Monica’s Story

Each month I feature a story from one of my readers who has been affected by epilepsy.
Learn how you can share your story.

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She writes:

[image source_type=”attachment_id” source_value=”241″ align=”left” size=”small” autoHeight=”true”] When I was 6 months old I had my first seizure. At the time I was diagnosed with febrile seizures, brought on by high fevers. Throughout my early childhood and pre-teen years, I was on two medications and went through the barrage of testing: EKG’s, EEG’s, MRI’s, etc. Each year I had annual EEG’s and blood-work. When I was 12, the doctor’s were convinced I had grown out of it but told my parents that if it came back, it would be in the form of Epilepsy. I was weaned off my medicines and became medicine and seizure free for the next 3 years.

Then my sophmore year in high school everything changed. At the end of school one day, I remember bending down to get something out of my locker. When I stood up to walk away, I hit my head on the bottom edge of the locker door that was open above me. I remember going home, and lying down because I was tired. I don’t remember anything about the next few hours. While I was sleeping, I awoke, had a Grand Mal seizure & was taken by ambulance to the hospital. I spent half of that weekend in the PICU. I was finally diagnosed with Juvenile Myoclonic Epilepsy. The next several months were spent adjusting my Depakote up and down & going to the neurologist. I remember the doctor telling me what would happen if I ever got pregnant: the risks of birth defects, risks of carrying a child, the potential of passing it on, etc. Not something you want to hear at 15yrs old. I remember constantly being tired due to the incorrect dosing of the Depakote. A lot of this time is a blur, due to the tiredness of the dose being too high. Normal activities were limited for me, I couldn’t learn to drive. When I was finally able to, I wasn’t allowed to drive a car without someone else in the car that could drive, in case something happened. I wasn’t allowed to do any physical activities that involved flashing lights, loud noises or rough activity. I was so frustrated, depressed, and angry! Over the next few years, I had check ups and bloodwork routinely every 6 months. My neurologist kept saying I should have grown out of it by now, as I was 20yrs old. Yet I had Petit Mal seizures whenever I was taken off medicine. Every time I was weaned off, I would have a seizure. I soon left that doctor and found another, more competent.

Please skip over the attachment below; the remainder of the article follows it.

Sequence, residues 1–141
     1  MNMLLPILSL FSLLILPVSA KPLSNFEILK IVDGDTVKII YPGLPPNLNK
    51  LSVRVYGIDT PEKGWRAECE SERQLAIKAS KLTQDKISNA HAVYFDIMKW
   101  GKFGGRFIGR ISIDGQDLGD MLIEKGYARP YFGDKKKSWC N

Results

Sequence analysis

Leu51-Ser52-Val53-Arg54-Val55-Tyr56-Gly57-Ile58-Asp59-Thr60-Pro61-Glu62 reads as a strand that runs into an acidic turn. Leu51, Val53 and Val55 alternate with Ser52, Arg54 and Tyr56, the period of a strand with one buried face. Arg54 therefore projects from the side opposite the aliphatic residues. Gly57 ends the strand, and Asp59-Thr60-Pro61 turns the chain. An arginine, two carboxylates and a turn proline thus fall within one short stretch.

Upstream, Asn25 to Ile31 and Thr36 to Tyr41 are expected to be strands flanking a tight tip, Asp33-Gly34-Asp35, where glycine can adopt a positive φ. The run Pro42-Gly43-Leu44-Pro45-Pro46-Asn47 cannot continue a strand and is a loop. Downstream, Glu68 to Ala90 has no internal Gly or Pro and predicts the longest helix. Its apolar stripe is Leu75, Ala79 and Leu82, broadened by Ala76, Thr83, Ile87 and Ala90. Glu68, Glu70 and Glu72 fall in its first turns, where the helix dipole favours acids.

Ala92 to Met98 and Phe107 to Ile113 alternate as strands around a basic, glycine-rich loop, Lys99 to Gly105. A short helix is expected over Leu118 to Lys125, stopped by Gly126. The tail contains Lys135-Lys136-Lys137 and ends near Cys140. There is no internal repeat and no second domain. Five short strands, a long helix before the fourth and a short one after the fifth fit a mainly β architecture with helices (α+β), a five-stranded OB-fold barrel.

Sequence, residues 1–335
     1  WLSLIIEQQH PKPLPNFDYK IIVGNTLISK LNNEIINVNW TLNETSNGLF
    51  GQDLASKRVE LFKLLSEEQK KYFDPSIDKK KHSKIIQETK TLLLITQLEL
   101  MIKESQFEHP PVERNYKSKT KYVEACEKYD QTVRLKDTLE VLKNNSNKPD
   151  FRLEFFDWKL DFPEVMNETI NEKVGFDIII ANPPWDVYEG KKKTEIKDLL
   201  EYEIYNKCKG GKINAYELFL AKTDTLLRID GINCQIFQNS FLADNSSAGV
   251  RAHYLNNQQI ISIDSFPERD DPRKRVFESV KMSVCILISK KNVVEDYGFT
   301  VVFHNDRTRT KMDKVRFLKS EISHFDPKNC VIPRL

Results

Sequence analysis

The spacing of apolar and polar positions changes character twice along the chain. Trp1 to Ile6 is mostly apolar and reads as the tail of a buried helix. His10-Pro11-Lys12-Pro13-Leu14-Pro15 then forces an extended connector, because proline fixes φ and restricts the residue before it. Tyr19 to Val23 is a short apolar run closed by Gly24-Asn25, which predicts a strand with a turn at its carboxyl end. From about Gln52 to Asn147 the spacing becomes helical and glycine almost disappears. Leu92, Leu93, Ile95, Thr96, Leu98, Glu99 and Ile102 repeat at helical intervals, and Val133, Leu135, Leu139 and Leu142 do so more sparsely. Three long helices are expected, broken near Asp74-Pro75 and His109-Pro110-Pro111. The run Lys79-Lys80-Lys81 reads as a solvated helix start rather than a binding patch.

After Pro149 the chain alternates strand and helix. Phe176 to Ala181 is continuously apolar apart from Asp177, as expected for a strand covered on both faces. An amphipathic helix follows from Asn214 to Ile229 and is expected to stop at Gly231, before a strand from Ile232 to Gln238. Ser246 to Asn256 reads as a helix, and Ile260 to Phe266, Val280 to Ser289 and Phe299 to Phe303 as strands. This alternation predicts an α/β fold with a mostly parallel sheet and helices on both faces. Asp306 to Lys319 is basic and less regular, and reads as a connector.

Since then, I’ve changed my medicine (to Keppra, with no known birth defects) and my doctor. As it turns out, you don’t ever grow out of Epilepsy! I am happy that I am currently on a low dosage of medicine and my Epilepsy is well controlled. I know this is not often the case that only about 30% of us fall into this category. I don’t let my Epilepsy stop me anymore, if there’s something that I want to do, I set my mind to it and do it! This past year I completed the Warrior Dash, the Rebel Race, the Susan G Komen 5K, and the Columbia Metric 5K…and I’ve never run in anything before. This year I am doing the Warrior Dash again in May and we’ll see what happens after that![/framed_box]